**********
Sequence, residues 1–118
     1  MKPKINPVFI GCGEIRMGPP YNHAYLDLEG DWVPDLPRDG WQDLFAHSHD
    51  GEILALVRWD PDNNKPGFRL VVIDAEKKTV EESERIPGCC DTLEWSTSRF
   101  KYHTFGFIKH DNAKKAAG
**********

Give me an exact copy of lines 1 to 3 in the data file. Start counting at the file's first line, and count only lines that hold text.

Sequence, residues 1–118
     1  MKPKINPVFI GCGEIRMGPP YNHAYLDLEG DWVPDLPRDG WQDLFAHSHD
    51  GEILALVRWD PDNNKPGFRL VVIDAEKKTV EESERIPGCC DTLEWSTSRF